Review: The Black Book by James Patterson & David Ellis

Black Book.pngThe Black Book is a tightly-plotted and pacy thriller, the likes of which we haven’t seen from the super-prolific James Patterson in many years. It’s a well-woven tale of corruption and duplicity, with engaging characters and an inventive structure.

The novel opens with Detective Patti Harney and her father, a high-ranking figure in the Chicago PD, arriving at a crime scene involving her twin brother, Detective Billy Harney. He’s been shot and left for dead in the bedroom of assistant state attorney Amy Lentini, who is herself DOA from a gunshot wound to the head, alongside Billy’s partner, Detective Kate Fenton. Which begs the questions: Who shot who? And why? It’s obviously connected to the raid Billy led into an apartment building he was certain was operating as a sex club to the Chicago elite, and to the missing black book that served as a record of everyone who had entered and exited the brownstone.

The narrative flashes backwards and forwards, to before and after the shooting, building in suspense and momentum, until the truth is revealed. Billy’s initial memory loss seems a tad cliched and convenient, but it works, and isn’t overplayed. And while veteran mystery readers might identify the true perpetrators of the crime early on in proceedings, there’s more than enough here to keep pages turning, and readers tuned in until the very end. The Black Book pulses with excitement, and with Billy Harney, James Patterson and David Ellis have created a hero worth following to hell and back.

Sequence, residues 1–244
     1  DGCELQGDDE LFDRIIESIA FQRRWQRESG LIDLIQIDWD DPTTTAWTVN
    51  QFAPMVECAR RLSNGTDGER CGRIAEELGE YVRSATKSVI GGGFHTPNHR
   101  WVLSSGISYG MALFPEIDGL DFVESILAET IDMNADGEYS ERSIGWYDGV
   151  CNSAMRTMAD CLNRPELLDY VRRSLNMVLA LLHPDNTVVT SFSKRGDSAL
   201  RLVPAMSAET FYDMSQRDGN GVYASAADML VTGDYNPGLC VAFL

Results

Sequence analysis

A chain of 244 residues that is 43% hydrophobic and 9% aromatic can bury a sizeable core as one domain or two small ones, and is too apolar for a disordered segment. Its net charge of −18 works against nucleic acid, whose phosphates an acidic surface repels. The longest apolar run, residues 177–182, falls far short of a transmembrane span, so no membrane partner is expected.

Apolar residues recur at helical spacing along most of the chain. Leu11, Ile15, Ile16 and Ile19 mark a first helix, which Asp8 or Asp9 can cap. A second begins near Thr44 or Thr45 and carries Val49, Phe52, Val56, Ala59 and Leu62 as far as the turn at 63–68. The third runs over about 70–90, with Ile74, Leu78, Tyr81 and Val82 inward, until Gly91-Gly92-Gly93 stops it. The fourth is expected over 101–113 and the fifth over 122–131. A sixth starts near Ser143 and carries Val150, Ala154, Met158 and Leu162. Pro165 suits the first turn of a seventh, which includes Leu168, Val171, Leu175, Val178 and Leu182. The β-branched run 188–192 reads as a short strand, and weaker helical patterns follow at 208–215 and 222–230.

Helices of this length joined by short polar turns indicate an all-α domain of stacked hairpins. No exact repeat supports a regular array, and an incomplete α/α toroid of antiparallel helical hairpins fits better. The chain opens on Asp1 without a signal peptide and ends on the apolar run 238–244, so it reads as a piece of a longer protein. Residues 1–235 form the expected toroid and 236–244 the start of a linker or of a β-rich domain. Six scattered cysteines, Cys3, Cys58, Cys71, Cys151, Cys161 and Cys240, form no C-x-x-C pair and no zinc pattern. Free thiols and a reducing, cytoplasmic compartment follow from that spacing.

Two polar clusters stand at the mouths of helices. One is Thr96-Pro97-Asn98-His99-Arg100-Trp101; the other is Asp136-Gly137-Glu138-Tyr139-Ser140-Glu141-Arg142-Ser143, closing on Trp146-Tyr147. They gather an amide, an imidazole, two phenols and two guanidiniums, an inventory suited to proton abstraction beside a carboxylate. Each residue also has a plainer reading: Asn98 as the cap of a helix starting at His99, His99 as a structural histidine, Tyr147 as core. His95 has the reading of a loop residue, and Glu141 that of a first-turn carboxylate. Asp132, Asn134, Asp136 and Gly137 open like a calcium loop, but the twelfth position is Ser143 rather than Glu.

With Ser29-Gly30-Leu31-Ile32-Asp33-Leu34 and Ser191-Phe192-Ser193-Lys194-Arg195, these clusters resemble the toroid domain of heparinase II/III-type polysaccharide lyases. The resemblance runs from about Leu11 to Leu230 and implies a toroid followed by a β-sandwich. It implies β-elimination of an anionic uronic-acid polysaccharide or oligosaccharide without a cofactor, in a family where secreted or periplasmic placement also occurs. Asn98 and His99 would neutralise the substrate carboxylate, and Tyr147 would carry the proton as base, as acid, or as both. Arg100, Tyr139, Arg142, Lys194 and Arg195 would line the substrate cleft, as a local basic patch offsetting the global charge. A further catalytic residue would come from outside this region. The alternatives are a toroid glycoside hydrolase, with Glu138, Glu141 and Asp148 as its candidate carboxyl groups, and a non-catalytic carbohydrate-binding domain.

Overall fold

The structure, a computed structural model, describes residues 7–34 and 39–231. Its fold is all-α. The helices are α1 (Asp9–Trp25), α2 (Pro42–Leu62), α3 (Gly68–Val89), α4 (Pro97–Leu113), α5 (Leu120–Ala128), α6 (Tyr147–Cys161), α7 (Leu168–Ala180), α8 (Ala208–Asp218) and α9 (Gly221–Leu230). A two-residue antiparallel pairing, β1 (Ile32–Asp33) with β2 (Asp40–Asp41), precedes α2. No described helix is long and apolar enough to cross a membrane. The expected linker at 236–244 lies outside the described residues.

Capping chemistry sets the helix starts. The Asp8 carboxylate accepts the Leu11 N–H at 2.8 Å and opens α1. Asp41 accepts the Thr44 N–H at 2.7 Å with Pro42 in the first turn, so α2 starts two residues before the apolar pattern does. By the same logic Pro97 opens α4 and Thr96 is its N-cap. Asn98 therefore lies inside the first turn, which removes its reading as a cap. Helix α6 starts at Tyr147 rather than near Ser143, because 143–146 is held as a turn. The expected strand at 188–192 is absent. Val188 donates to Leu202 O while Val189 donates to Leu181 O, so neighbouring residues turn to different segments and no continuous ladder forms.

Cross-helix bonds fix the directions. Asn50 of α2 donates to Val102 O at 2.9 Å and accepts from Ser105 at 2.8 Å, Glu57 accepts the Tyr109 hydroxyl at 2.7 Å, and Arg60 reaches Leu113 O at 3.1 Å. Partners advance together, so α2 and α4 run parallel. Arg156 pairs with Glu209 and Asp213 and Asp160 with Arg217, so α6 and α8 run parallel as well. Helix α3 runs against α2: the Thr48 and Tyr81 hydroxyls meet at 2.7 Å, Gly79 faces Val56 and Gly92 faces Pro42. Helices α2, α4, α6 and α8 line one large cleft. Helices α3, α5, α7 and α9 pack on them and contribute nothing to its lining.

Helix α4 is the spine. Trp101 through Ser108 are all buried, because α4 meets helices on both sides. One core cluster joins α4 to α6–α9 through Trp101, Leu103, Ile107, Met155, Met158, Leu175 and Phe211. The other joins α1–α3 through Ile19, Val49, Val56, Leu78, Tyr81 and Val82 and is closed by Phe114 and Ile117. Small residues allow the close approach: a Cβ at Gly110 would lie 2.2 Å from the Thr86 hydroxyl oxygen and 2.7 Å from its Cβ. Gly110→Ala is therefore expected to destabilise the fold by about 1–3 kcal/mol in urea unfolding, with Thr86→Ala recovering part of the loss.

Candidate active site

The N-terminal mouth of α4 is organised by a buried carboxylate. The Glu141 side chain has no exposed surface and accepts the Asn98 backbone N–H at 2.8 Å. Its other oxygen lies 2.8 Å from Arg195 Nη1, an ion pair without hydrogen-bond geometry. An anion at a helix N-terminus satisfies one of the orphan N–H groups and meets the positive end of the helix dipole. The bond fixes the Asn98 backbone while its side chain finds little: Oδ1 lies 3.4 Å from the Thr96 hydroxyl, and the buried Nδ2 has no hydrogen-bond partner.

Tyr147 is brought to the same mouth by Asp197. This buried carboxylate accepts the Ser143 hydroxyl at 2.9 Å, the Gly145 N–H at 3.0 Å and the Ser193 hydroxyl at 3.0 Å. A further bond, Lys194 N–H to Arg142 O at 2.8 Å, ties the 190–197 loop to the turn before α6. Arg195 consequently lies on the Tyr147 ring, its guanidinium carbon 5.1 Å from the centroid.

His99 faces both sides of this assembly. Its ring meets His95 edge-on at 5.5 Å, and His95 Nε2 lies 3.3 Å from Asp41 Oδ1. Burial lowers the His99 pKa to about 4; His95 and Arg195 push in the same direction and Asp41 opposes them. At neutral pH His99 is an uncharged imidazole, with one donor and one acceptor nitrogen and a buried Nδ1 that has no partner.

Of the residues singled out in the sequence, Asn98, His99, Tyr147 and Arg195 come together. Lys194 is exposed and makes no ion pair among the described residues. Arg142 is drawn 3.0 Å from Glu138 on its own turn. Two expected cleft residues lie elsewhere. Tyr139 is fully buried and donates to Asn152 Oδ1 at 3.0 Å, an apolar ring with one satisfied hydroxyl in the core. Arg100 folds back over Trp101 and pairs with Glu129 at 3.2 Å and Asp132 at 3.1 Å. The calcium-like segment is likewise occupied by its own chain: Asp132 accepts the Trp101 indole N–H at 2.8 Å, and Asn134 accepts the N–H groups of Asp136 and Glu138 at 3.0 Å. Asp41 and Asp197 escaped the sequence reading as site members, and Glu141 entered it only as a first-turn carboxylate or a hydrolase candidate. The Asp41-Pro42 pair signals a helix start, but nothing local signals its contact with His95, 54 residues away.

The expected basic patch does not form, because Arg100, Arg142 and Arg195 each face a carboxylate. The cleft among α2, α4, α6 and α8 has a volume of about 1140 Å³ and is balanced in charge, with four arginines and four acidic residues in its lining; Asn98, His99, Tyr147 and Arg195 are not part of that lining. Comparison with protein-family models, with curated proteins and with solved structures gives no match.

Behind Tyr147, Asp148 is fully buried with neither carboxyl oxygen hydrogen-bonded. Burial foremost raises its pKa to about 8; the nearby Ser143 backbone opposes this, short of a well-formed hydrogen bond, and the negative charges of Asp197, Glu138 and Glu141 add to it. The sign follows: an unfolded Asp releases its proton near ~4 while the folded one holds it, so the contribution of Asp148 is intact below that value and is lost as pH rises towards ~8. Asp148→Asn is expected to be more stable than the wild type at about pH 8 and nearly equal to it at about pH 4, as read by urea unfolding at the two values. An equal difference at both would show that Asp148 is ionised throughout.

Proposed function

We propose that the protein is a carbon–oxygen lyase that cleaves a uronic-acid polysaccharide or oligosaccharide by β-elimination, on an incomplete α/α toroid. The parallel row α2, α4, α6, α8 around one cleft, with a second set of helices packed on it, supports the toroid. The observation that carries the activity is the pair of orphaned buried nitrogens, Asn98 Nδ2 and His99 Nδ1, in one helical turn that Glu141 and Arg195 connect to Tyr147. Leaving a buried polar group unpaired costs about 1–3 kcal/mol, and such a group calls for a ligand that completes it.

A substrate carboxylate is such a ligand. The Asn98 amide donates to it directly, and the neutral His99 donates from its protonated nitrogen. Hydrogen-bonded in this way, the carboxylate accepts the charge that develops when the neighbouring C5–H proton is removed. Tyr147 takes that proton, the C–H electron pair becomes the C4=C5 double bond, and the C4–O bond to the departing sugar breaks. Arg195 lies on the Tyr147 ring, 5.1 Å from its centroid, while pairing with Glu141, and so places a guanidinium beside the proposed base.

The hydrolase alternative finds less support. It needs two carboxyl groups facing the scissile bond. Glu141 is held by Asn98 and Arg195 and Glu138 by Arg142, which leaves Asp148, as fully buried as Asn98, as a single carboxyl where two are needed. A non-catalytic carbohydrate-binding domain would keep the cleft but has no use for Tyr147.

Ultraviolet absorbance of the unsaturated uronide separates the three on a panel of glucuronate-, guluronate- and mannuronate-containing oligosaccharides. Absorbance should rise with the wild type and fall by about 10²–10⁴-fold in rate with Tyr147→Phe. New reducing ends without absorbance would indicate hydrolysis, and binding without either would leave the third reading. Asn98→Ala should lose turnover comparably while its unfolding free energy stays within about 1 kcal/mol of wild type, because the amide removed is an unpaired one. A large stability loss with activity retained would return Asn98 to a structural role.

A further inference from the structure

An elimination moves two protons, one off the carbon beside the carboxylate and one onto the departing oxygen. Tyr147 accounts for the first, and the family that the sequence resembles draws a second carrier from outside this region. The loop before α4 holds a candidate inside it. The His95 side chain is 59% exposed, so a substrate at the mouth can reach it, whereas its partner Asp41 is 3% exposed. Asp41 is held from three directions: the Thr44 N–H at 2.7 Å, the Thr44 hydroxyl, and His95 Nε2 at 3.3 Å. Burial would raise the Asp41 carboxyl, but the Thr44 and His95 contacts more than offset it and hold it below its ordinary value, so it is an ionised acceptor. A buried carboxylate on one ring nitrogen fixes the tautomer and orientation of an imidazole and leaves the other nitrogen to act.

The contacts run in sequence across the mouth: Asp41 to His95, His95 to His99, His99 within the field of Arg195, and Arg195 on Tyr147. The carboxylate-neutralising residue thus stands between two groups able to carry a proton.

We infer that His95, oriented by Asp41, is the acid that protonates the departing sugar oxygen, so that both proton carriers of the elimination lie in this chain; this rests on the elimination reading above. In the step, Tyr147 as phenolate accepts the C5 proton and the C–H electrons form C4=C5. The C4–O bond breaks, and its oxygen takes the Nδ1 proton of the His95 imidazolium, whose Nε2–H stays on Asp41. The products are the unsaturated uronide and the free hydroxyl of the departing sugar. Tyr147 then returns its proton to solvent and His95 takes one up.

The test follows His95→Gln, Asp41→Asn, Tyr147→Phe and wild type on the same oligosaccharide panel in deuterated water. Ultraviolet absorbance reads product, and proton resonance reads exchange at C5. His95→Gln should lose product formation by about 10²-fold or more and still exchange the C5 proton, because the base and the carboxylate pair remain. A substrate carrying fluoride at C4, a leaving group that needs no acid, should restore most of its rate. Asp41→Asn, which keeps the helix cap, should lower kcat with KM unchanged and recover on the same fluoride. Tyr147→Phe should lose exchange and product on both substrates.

ISBN: 9781780895321
Format: Paperback (234mm x 153mm x mm)
Pages: 448
Imprint: Century
Publisher: Cornerstone
Publish Date: 4-May-2017
Country of Publication: United Kingdom

Review: The Fall by Tristan Bancks

Fall Tristan Bancks.jpgThe Fall is the kind of thriller I would’ve loved as a child and absolutely adored as an adult. It’s a sharp, contemporary crime novel with classic genre elements, and nail-biting suspense that will keep readers on the edge of their seat. It’s a page-turning masterpiece for readers young and old.

As is the case with all great crime novels, the set-up is simple. In the middle of the night, Sam — son of irascible crime reporter Harry — is woken by angry voices from the apartment above. He edges to the window, to check the scene above, and sees a body fall from the sixth-floor balcony. When Sam goes to wake his father, he discovers Harry is gone. And when Sam gets downstairs, the body has vanished.  But Sam knows what he saw — and worse for him, somebody else knows what he witnessed. Someone who wants Sam silenced at any cost.